In a matter of two months, Sushant Singh Rajput‘s death has been turned into an unfortunate circus. Broadcast channels, every single day, are breaking their self-set records of stooping lower in their reporting of the actor’s death case. Journalist-anchor Navika Kumar displayed “exclusive” pictures of Rajput’s dead body on her news channel, Times Now on 27th August, at prime time for the national audience to see.
With an obnoxious, sensationalist headline in all caps, the channel’s official handle tweeted yesterday, “#Exclusive | NEVER SEEN BEFORE PICTURES OF SUSHANT’S BODY: Navika Kumar accesses 2 pictures of Sushant’s body taken by his sister.” Attached to it was a redundant, statutory warning that read, “DISCLAIMER: Viewer discretion advised” The tweet has since been removed though it’s not clear whether the channel removed it or twitter.
Does Media Really Care About Getting Justice For Sushant?
Times Now, the channel Navika Kumar works for, received a lot of flak from netizens for running this story. Our media through their ‘gold standards’ of journalism are throwing up new angles in Rajput’s death case every single day. And in a manner that disrespects the field of reporting and credible media behaviour.
Shame on you @TimesNow @vineetjaintimes . Despicable https://t.co/89bWqsUf4b
— Abhisar Sharma (@abhisar_sharma) August 27, 2020
Why is no one raising a voice against the gross disrespect of his body that was initiated yesterday? As a country we were okay to slam channels who featured Rhea Chakraborty – who is currently facing inquiry by the CBI in Rajput’s death investigation – when she appeared to demand justice for herself?
Does Anyone Deserve A Media Trial?
For a certain brand of journalism, it didn’t end at showing Rajput’s dead body. On the big screen inside her studio, Kumar publicly displayed Rhea Chakraborty’s WhatsApp chats, citing a “drug conspiracy.” And two days ago, in a program titled “Drugs, Destruction & Dhoka,” she proceeded to showcase another set of chats that sought to “nail Team Rhea,” along with an incriminating hashtag that read “#IndiaForRheaArrest.”
‘Drugs, Destruction & Dhoka’.
Sensational WhatsApp chats nail Team Rhea. @thenewshour AGENDA with Navika Kumar. | #IndiaForRheaArrest pic.twitter.com/YmF5UQalds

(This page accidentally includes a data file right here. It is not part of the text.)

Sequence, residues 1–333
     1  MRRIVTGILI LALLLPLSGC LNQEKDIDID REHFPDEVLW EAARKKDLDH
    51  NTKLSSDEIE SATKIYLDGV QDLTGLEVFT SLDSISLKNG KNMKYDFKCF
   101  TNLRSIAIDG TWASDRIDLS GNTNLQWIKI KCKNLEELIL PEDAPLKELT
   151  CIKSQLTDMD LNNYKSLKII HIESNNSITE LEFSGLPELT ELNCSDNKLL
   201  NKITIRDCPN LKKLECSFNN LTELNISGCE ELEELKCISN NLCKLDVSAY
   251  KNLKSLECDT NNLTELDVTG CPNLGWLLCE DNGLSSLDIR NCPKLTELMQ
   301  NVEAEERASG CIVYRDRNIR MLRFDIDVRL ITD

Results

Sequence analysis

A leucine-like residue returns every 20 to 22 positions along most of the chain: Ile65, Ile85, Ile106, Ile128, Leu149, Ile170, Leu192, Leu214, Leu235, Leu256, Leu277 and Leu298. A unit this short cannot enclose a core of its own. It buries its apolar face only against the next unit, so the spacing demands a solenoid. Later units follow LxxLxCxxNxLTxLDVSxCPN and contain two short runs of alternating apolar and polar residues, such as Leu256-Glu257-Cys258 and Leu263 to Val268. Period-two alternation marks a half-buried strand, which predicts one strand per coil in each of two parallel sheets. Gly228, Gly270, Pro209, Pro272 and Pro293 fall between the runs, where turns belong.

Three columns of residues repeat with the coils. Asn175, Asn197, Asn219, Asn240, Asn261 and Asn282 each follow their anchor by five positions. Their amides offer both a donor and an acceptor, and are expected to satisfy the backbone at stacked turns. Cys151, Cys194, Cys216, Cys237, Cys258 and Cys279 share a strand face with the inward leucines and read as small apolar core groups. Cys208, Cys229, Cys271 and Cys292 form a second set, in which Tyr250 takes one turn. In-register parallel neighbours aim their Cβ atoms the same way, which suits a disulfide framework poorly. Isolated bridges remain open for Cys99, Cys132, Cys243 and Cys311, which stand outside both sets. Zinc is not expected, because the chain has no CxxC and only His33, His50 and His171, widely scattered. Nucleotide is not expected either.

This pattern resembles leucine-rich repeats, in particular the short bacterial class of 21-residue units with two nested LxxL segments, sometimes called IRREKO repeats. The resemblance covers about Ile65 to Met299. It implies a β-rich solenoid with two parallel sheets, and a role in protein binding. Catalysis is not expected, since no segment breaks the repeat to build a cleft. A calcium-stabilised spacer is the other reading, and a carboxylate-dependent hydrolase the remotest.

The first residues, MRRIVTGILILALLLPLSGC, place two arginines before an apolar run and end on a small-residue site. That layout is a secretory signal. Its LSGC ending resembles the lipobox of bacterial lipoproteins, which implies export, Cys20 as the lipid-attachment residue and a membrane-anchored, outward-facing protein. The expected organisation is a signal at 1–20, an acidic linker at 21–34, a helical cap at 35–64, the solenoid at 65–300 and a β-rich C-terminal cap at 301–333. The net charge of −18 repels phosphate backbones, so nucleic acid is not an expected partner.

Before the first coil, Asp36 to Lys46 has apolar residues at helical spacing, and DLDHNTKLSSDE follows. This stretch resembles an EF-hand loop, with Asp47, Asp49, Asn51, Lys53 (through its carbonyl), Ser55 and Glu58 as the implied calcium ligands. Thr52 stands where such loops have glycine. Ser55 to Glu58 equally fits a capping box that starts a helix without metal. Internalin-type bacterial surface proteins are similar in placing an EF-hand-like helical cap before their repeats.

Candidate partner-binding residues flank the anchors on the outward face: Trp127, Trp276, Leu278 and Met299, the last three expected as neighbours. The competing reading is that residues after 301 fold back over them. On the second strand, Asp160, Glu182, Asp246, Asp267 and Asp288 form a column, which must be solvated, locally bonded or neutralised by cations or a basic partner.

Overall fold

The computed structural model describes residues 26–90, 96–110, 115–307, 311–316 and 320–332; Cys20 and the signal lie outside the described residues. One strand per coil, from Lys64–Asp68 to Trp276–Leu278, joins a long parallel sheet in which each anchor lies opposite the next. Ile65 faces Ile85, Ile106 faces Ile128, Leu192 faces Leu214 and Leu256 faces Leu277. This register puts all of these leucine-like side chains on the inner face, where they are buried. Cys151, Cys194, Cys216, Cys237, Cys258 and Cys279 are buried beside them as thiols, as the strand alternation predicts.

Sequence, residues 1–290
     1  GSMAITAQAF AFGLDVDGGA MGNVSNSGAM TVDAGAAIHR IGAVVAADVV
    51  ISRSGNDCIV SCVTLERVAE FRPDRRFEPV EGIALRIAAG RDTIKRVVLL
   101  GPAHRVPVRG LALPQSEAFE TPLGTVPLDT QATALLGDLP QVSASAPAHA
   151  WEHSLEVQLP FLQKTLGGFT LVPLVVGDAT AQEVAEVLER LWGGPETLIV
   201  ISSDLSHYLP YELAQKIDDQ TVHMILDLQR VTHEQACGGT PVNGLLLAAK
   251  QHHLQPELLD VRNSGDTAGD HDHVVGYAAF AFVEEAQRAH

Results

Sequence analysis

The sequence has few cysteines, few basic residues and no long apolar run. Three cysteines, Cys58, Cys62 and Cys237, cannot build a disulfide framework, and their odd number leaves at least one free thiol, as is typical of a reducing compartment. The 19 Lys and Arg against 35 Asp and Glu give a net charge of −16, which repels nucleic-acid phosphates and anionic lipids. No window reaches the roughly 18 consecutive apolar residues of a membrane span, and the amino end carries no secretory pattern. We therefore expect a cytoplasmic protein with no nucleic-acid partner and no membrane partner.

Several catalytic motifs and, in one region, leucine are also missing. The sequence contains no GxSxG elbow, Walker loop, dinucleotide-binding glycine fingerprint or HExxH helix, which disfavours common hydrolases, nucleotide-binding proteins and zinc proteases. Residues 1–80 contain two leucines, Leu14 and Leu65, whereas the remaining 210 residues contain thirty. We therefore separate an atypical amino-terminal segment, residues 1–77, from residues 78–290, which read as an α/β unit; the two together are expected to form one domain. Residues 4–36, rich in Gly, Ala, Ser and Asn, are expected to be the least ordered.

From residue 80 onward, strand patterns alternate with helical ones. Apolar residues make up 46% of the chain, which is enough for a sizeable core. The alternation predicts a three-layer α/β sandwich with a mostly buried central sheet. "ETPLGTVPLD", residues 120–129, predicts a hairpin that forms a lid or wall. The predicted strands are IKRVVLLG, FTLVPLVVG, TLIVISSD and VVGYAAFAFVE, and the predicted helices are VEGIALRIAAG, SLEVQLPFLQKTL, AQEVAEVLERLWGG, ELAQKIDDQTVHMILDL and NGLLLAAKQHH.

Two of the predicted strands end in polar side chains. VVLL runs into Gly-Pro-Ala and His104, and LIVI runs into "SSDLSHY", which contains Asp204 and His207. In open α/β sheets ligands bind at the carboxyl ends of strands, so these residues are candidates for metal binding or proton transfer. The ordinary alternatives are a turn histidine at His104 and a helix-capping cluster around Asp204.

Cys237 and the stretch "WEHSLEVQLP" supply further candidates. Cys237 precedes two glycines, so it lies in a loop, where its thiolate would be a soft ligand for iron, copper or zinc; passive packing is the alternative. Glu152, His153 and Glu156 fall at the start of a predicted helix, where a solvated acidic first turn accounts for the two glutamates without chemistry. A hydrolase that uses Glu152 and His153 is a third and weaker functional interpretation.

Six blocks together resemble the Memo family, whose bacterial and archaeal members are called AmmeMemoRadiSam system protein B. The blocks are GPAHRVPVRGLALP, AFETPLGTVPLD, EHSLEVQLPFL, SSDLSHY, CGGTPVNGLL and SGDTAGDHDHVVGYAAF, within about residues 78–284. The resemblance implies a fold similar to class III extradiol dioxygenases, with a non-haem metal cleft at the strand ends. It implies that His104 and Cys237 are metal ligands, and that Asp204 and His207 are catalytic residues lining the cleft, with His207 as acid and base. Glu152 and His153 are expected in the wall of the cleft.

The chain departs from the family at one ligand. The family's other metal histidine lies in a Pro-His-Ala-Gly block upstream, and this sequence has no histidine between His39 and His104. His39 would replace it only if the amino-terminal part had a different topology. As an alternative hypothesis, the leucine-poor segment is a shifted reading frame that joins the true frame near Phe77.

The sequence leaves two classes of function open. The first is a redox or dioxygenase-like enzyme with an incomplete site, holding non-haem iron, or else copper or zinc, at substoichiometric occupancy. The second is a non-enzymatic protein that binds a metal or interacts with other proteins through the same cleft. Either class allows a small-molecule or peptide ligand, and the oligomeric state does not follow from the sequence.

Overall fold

— TIMES NOW (@TimesNow) August 26, 2020
Does Chakraborty, or anyone for that matter, deserve to have a media trial? Sushant Singh died by suicide and his parents have allegedly charged Chakraborty with “abetment to suicide” of his son, and her family of laundering money from his account. The government recently approved a CBI investigation into the matter.
But while the probe is on, just how are journalists taking the liberty to “nail” people prior to the official investigative agencies arriving at a conclusion? Why are people not rallying against this blatant transgression of objectivity and reporting – the topmost tenets of journalism? Moreover, where are some journalists deriving their power from, to declare for someone’s arrest by playing detective from her studio?
TV Anchors Talk Because We Listen. So Who’s Responsible?
They talk because we listen. So are they the ones who are voyeuristic or are they only satiating our voyeurism? Don’t some journalists draw power from the audience that hungrily awaits high-octane drama on Rajput’s death every day? Aren’t we all culpable?
What Precedent Are We Setting For Young Journalists?
Remember that iconic interview from March with Saif Ali Khan, where a journalist, with inexpressible adulation, had asked him for a “glimpse” of his kid, Taimur, asking if he could “give a flying kiss to our viewers or just say bye to them” to “cheer them” up? Unfortunately for television, the request could not be fulfilled because little Taimur was in the potty. No one but Saif Ali Khan alone knows whether Taimur was really in the potty that day or not, but five months later, everyone knows that that’s where much of our journalism is today.
Also Read: News Debates Or Shouting Matches: Do We Need This Television Sport?
According to Newslaundry, in February 2020, Kumar was appointed the Times Network Group Editor for Politics, with the responsibility of “political reporting strategy.” And while that is a commendable feat for a woman journalist – to brush up against men in this cutthroat field – could her journalism possibly be an inspiration for young women who want to be journalists? That remains to be seen.
As a journalist, it saddens me to see the impression some mediapersons are setting about our field to the young minds who aspire to enter it. It’s a disgrace to the craft of professional journalism and its integrity must be questioned by all. And the only way to counter it would be for you to join the field and keep at your own honest, impartial, and fearless pursuit of truth.
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